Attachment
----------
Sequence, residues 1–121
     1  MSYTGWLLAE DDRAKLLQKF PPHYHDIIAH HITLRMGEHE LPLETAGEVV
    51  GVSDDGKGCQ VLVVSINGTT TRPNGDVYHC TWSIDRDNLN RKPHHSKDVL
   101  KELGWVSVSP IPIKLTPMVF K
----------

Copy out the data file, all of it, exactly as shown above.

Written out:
Sequence, residues 1–121
     1  MSYTGWLLAE DDRAKLLQKF PPHYHDIIAH HITLRMGEHE LPLETAGEVV
    51  GVSDDGKGCQ VLVVSINGTT TRPNGDVYHC TWSIDRDNLN RKPHHSKDVL
   101  KELGWVSVSP IPIKLTPMVF K